There are times when setting simple criteria won’t generate the desired results , especially when working with numerical values. The objective may be to see the query results grouped or counted in some way. A Totals query uses a type of function called an aggregate function to sum the data in a query result set. Aggregate functions perform a calculation on a column of data and return a single value. Access provides a variety of aggregate functions, including Sum, Count, Avg (for computing averages), Min and Max. To sum data, add the Sum function to the query, to count data use the Count function, and so on. The following example will illustrate how many of various bakery menu items have been ordered. The query datasheet results at right display the quantity of various cakes ordered on separate order transactions.
Creating a Total query will group all identical menu items from separate orders, and then by using the Sum function, Access will add values in the Quantity field to calculate the total number ordered for each menu item. To create the Total query, the first step is to click the Totals button from the Show/Hide group of the Query Tools Design tab. This will add a Total: row to the query design grid.
The default values in the row are set to Group By. Clicking the drop-down arrow in the Quantity column of the Total: row, and selecting Sum will accumulate (add) the quantities of products ordered. Executing the query by clicking the Run button will display the results in the query’s datasheet view as shown above. Note the Quantity field name changes to SumOfQuantity.
In Access, queries can do a lot more than just displaying data. Through the use of assorted Action queries, Access can perform various actions on the database data. Microsoft Access provides 4 different types of Action Queries:
- Append – Retrieves data from one or more tables and adds the data to another table.
- Update – modifies or updates records. Criteria can be specified to limit which records are updated, but if no criteria is specified, all records will be updated.
- Delete – useful for quickly deleting a set of data on a regular basis.
- Make-table – retrieves data from one or more tables, and then loads the result set into a new table. That new table can reside in the database currently open, or a new database can be created.
Action queries change data based on some set of criteria. Action queries can delete records, update data, append data from one or more tables to another table, and make a new table. Users must be cautious because once the query is executed, the data is changed and cannot be undone. Experts advise to make a backup of the database before proceeding with significant action queries.
A parameter query retrieves information in an interactive manner by prompting the end user to supply criteria before the query is run. If a particular query is used often but modified slightly, a parameter query may be more efficient. When the query is run, the user is first prompted to enter a parameter (or multiple parameters). Once the parameter has been supplied, the query can return the results, based on the parameter provided. The key to creating parameter criteria is to enter the parameter prompt inside square brackets, such as: [What’s your favorite color?]. The square brackets will cause a parameter dialog box to open when the user runs the query. The text inside the square brackets will be displayed to the user, and an input field will be displayed for their input. If the user enters purple in the prompt, all records in table that store the data: purple will be returned as the query results.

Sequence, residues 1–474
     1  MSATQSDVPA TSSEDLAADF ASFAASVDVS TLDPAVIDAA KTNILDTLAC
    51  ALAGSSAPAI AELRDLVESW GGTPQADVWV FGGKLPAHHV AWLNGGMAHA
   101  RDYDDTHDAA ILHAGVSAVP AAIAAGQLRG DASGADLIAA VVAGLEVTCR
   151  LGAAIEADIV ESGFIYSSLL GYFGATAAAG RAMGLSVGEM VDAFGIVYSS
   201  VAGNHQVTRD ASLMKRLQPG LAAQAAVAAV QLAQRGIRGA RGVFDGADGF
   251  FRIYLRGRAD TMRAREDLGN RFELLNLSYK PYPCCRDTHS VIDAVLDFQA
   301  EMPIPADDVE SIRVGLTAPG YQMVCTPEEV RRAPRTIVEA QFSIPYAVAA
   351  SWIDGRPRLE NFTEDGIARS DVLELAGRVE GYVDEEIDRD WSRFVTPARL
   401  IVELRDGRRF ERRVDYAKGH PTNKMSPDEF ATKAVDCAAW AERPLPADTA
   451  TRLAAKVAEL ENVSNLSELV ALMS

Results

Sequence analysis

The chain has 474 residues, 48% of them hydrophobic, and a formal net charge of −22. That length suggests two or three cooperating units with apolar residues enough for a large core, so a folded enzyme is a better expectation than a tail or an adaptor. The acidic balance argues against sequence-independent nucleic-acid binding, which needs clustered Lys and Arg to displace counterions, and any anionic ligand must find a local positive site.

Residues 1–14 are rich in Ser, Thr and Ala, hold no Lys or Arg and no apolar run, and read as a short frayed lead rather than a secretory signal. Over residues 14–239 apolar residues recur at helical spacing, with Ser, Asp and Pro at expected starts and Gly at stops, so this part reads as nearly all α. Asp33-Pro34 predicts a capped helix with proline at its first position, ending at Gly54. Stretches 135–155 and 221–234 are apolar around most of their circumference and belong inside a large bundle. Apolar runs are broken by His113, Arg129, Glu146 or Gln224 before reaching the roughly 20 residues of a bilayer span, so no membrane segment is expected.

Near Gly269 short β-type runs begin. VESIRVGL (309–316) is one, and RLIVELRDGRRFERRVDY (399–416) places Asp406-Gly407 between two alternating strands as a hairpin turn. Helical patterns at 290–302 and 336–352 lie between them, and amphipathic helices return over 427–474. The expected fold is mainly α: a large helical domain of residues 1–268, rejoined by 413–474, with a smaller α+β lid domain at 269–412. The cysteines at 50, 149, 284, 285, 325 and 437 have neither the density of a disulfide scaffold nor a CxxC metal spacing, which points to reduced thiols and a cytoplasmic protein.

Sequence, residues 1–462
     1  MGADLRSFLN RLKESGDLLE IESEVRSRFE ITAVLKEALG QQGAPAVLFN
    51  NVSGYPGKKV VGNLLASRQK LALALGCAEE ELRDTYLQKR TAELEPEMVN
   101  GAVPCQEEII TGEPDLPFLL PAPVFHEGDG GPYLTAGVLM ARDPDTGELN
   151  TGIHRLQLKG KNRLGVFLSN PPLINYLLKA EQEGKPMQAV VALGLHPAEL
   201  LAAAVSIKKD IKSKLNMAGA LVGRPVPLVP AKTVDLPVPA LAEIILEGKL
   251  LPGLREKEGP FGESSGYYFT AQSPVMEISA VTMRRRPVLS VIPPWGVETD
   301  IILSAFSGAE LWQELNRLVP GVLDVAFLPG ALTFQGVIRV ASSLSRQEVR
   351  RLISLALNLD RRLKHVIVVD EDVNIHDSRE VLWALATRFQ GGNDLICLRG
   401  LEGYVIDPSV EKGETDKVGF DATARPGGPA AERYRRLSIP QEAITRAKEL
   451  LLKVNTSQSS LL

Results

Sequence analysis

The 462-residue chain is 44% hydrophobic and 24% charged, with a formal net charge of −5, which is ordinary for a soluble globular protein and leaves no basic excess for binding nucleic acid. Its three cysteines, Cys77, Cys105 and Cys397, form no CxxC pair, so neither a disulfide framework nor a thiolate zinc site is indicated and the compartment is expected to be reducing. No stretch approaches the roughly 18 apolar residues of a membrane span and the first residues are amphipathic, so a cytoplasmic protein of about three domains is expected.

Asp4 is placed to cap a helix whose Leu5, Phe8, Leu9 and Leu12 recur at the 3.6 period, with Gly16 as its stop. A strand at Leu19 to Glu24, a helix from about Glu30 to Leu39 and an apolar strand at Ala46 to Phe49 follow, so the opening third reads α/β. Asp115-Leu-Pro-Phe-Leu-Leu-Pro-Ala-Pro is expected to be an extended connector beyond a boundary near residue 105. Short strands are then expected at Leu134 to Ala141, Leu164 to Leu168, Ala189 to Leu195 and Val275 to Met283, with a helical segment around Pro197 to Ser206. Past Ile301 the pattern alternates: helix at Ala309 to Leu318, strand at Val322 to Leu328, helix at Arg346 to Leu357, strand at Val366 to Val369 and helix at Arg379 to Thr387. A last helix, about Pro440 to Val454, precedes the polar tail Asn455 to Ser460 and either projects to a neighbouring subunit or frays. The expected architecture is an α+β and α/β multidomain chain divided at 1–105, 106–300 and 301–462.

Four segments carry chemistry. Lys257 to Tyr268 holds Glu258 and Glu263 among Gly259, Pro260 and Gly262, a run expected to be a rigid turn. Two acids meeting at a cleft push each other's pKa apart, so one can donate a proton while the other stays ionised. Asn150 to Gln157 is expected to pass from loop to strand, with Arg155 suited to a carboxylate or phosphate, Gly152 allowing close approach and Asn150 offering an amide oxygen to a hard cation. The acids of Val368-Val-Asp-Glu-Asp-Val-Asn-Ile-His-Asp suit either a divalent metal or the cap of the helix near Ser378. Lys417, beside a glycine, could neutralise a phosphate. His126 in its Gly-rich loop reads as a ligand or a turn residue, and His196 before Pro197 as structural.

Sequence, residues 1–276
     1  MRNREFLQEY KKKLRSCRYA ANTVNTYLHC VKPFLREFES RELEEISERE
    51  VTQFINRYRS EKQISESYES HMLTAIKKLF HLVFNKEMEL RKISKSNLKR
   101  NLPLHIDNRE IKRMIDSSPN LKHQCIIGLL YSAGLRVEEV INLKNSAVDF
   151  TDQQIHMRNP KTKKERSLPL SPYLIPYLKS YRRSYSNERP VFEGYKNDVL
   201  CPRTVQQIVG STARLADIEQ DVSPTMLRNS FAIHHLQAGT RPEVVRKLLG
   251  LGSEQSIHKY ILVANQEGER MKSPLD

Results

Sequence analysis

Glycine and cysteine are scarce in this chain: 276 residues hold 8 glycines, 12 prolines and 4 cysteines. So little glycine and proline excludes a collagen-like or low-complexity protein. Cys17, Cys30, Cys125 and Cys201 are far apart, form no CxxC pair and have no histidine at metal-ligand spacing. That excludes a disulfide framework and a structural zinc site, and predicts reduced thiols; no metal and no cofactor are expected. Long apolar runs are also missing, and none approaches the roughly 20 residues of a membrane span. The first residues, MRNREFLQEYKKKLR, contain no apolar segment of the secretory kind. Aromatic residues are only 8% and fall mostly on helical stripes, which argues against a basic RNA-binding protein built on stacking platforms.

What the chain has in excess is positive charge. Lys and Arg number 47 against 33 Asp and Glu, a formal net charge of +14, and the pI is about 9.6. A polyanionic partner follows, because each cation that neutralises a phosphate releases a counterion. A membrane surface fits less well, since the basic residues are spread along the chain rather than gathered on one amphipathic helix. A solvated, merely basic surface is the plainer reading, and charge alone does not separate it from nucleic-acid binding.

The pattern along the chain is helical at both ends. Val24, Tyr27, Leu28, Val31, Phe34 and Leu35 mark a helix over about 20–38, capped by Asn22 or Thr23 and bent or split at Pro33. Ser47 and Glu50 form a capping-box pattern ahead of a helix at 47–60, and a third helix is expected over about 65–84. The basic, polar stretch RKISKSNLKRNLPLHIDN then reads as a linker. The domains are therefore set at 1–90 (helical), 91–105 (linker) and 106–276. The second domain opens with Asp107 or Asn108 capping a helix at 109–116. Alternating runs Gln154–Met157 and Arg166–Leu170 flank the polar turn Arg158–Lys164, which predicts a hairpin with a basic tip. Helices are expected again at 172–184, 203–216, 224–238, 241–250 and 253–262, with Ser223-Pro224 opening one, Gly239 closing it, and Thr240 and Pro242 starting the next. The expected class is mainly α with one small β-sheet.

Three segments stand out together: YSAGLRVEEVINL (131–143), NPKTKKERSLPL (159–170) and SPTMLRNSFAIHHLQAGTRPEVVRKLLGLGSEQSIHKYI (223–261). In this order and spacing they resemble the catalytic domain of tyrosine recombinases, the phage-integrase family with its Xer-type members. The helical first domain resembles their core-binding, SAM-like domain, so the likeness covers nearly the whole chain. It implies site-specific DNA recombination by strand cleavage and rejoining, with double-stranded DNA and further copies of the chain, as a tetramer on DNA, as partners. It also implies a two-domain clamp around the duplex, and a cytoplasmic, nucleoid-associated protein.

In the example to the right, parameter criteria is entered in the Genre field’s Criteria cell.
When the query is executed, Access will display the following prompt: If the user were to enter the data: Pop in the prompt, the following results would be displayed the query datasheet view. (the data entered into the prompt is not case-sensitive)
A crosstab query is a special type of query that calculates a sum, average, or other aggregate function, and then groups the results by two sets of values — one down the left side (row headings) of the datasheet and the other across the top (column headings)- much like an Excel spreadsheet. When building a crosstab query in Design view, use the Total and Crosstab rows in the design grid to specify which field’s values will become column headings, which fields’ values will become row headings, and which field’s values to sum, average, count, or otherwise calculate.
In the following example, the Music database will calculate a Count on the number of CDs are possessed by Artist – using the Row Headings and by Genre – using the Column Headings. The Title field will serve as Value field. The data source is an existing query named Classic Rock CDs, which provides the fields necessary to create the cross-tab query. After executing the query the datasheet results appear similar to:
A crosstab query does not always populate all of the fields in the result set because the tables used in the query do not always contain values for every possible data point. It is possible to enter an expression in the Criteria row to limit the results for the column heading field. However, using a criteria expression with the column heading field does not limit the number of columns returned by the crosstab query. Instead, it limits which columns contain data. For example, suppose you have a column heading field that has three possible values: red, yellow, and blue. If you apply the criterion =’blue’ to the column heading field, the crosstab still displays a column for red and a column for yellow, but only the column for blue contains data.